The study has presented us with an opportunity to have an extensive understanding of the theory of time series analysis in the area of non-linear models and its application to real life situation. The stages in the model building (that is the identification, estimation, and checking) strategy has been explored and utilized. In coming up with the model we used historical stock prices from 100 data entries. After estimation of the parameters of selected models, a series of diagnostic and forecast accuracy test was performed. Having satisfied all the model assumptions, the model was judged to be the best model for forecasting. For them to make this technical analysis they require predictions on the future movement of prices. It is from this analysis they either decide to sell, buy or hold on the stock.

Market intermediaries: They include stock brokers and clearing houses, market efficiency is important for them since they buy and sell securities on behalf of investors. Suggestion for further studies 1. A further study using GARCH models should be done to incorporate variances in price. IEEE Transactions on Automatic Control 19 (6): 716–723. (accessed June,22nd,2018) Andreja Pufnik, Davor Kunovac, (2006). Short-Term Forecasting of Inflation in Croatia with seasonal ARIMA processes. Retrieved December, 2006, from Croatian National. Bank, Working Paper No 16:http://www. |(accessed 23rd June, 2018) Meyler, A. G. Kenny and T. Quinn, (1998). Forecasting Irish Inflation using ARIMA models, Central Bank of Ireland, Technical Paper. (accessed 22nd June, 2018) Chow, K. V. , and K. C. Denning, 1993, A simple multiple variance ratio test,Journal of Econometrics 58, pp. Koh and S.

Ouliaris, 1997, Joint variance-ratio tests of the martingale hypothesis for exchange rates, Journal of Business and EconomicStatistics15, pp. (accessed 21st June, 2018) Hoque, H. , J. H. S. Chung, 1996, Price limits and stock market eﬃciency, Journal of Business Finance and Accounting 23, pp. (accessed 21st June 24, 2018) Seddighi, H. R(2012), Introductory Econometrics: practical Approach. London and New York. Brooks, 2009, Price limits and stock market eﬃciency:Evidence from rolling bicorrelation test statistic, Chaos, Solitons and Fractals 40, pp. (accessed,22nd June, 2018-06-24) Lo, A. W. , and A. C. d)To match the same times interval as the five datasets. (accessed 22nd June,2018) Appendices Appendix 1:R-SOFTWARE CODES USED IN ANALYSIS • # Load TTR package before running ACF and PACF • acf(pt_1_datatimeseries) # Autocorrelation plot on original CPI data • pacf(pt_1_datatimeseries) # Partial Autocorrelation on original CPI data • # Load tseries package before testing stationarity • adf.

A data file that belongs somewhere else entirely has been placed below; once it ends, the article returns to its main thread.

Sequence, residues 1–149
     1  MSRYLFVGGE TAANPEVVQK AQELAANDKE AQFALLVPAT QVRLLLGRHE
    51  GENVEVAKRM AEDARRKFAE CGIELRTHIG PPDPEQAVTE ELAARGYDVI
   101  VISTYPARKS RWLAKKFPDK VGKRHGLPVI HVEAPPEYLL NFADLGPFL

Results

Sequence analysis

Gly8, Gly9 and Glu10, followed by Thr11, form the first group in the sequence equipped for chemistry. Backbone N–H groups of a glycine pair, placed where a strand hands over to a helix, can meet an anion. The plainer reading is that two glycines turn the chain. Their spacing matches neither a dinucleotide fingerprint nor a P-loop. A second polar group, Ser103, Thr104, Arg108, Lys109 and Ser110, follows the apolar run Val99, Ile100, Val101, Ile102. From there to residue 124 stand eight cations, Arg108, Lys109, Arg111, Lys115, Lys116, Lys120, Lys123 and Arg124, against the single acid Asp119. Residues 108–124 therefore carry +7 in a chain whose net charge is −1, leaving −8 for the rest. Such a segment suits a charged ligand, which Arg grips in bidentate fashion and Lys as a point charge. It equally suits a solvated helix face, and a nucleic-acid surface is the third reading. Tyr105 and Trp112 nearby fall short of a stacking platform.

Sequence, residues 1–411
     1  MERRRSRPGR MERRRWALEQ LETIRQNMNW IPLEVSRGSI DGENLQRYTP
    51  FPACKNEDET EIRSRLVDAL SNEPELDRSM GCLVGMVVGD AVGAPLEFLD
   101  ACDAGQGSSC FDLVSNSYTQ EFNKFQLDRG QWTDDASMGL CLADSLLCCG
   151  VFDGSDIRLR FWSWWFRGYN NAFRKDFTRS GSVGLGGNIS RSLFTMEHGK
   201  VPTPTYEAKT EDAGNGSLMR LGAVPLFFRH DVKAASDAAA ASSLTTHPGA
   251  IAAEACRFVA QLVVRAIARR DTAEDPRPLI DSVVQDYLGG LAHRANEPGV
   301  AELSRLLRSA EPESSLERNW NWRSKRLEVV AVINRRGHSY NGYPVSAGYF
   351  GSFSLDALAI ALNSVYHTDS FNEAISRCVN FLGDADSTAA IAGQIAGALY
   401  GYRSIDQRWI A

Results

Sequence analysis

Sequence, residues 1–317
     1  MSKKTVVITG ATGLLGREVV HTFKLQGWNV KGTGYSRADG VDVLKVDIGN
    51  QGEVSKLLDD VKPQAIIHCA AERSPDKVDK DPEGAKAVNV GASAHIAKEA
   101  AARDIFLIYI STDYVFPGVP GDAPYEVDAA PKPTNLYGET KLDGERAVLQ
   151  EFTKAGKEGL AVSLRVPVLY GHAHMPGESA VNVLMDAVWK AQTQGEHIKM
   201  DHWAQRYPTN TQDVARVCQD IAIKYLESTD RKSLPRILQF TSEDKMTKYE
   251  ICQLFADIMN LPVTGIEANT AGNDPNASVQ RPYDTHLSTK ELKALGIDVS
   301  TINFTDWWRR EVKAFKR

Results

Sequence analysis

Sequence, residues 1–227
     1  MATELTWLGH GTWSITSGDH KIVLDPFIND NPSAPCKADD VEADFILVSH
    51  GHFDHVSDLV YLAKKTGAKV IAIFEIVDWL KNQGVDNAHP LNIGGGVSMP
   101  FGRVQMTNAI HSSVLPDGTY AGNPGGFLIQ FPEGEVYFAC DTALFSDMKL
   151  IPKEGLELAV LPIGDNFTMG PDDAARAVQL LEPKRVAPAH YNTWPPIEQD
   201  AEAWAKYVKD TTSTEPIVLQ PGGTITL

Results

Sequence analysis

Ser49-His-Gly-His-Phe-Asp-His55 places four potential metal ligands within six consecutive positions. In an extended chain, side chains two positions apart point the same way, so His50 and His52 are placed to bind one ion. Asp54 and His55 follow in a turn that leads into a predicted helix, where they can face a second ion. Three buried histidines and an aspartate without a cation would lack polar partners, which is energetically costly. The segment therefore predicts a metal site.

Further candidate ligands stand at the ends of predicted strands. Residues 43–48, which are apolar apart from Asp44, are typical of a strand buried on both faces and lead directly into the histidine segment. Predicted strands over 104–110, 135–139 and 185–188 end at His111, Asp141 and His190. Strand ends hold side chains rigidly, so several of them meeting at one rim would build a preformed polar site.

test(pt_1_datatimeseries, k=1) # Test for stationarity • pt_1_datatimeseriescomponents<- decompose(pt_datatimeseries) pt_datatimeseriescomponents # Decomposing Time series into constituent components • plot. ts(ptandpt_1) # Plot on the differenced data • adf. test(ptandpt_1, k=1) # Test of stationarity on the differenced data • acf(ts(ptandpt_1, freq=1, 30)) # Autocorrelation values on differenced data • acf(ptandpt_1,plot=FALSE) # Autocorrelation plot on the differenced data • pacf(ts(ptandpt_1, freq=1, 30)) # Partial Autocorrelation values on differenced data • pacf(ptandpt_1,plot=FALSE) # Partial Autocorrelation plot on differenced data • modelcpi<- rm(pt_datatimeseries, order=c(2,2,0)) • # Load forecast package before running auto random model • tsdisplay(residuals(modelpt)) # Residual test on the fitted RM model whether it indicates a white noise • mean(residuals(modelpt_1)) # Test on the mean of the residual whether its Zero or close to zero • plotForecastErrors<-function(forecasterrors) # set up residual forecast plot.